BERLIN – Germany on Thursday expelled the CIA station chief in Berlin in an escalating row over alleged spying by the U.S. that has opened the worst diplomatic rift in years between the Western allies.
The expulsion comes after two suspected U.S. spy cases were uncovered in less than a week in Germany, where anger still simmers over the NSA surveillance scandal sparked by revelations from fugitive intelligence contractor Edward Snowden.
“The representative of the U.S. intelligence services at the embassy of the United States of America has been told to leave Germany,” German government spokesman Steffen Seibert said. The step was highly unusual among NATO allies and underlined Berlin’s anger.
The official request to leave was based on two probes by German prosecutors of suspected U.S. spying “as well as outstanding questions over the last several months about the activities of the U.S. secret services in Germany,” said Seibert.
“The government takes these developments very seriously,” he added amid the worst Berlin-Washington falling-out since the 2003 U.S. invasion of Iraq.
News site Spiegel Online called the move a “diplomatic earthquake.” It pointed out that such measures were usually reserved for “pariah states” such as North Korea.
There are few precedents for such dramatic measures between NATO members. Among the latest was France’s decision in 1995 to send home several U.S. officials for spying on its territory.
The White House refused to comment. But the U.S. Embassy in Berlin and the U.S. National Security Council both stressed that it was “essential” that security cooperation continue as “it keeps Germans and Americans safe.”
German Chancellor Angela Merkel — whose mobile phone was in the past targeted by the U.S. National Security Agency — pointedly reminded the United States that security “depends on trust” between allies.
Her finance minister, Wolfgang Schaeuble, was far more outspoken, fuming that “so much stupidity (by the U.S.) just makes you want to cry”.
In the latest case, German police Wednesday searched the Berlin-area home and office of a man who, local media reported, is a German defense ministry employee accused of passing secrets to the United States.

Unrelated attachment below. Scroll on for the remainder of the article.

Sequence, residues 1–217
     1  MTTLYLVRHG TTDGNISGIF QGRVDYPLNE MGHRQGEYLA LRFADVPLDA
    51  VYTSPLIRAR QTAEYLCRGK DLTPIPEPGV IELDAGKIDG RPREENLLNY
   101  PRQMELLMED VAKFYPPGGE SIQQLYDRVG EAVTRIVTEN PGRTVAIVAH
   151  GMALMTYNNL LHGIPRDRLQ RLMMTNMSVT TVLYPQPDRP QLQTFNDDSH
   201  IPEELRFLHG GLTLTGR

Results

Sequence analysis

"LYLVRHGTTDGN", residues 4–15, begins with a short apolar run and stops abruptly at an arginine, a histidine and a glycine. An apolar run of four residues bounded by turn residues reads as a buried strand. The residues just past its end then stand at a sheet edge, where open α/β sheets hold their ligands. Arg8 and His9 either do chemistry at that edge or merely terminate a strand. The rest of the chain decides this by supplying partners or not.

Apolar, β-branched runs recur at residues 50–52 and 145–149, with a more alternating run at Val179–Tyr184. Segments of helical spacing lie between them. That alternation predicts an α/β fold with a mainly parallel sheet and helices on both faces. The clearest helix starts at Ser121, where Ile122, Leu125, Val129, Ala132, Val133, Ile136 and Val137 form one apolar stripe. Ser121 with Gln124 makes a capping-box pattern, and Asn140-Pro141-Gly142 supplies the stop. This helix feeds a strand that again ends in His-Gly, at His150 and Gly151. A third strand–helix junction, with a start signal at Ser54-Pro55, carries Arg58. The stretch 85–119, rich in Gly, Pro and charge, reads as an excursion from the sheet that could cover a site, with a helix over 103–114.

The case followed news last Friday that a 31-year-old German BND foreign intelligence service operative had been arrested on suspicion of having sold over 200 documents to the CIA.
The documents provided by the BND mole reportedly included papers on a German parliamentary panel that is probing the NSA’s mass surveillance activities and the extent of German cooperation in the snooping.
The folders, the contents of which were transferred digitally via a USB stick, were thought to contain instructions from Merkel’s office to the head of the BND and an overview of the agency’s network of overseas posts, Die Welt daily reported.
While German politicians across party lines have deplored the covert activities as a betrayal of trust by Washington, the German foreign ministry has twice discussed the case with the U.S. ambassador in Berlin in recent days.
Defense Minister Ursula von der Leyen, known as a champion of close U.S. ties, said it was right Berlin had “today sent a very clear signal that it will no longer tolerate this kind of breach of trust and that we need a fresh start with each other”.
Interior Minister Thomas de Maiziere said the benefits of the alleged U.S. spying were questionable. “Based on what we know now, the information gained through this alleged espionage is ridiculous,” he said.
Schaeuble, a former interior minister, acknowledged that trans-Atlantic intelligence cooperation had foiled terrorist threats in the past.
But he said this did not mean “the Americans may recruit third-rate people” in Germany as their secret sources, according to public broadcaster Phoenix.
“That’s why the chancellor is ‘not amused,'” he added, using the English phrase for Merkel’s response.
Merkel later said that “common sense tells us that spying on one’s allies … is a waste of energy. We have so many problems that we should, in my view, focus on the essentials.”
The chancellor said she saw “a very different approach” on both sides of the Atlantic “as to what the job of the intelligence services is … after the end of the Cold War.”
She mentioned common threats for the allies, such as the Syria conflict, and said effectively dealing with them “depends on trust between allies. … More trust can mean more security.”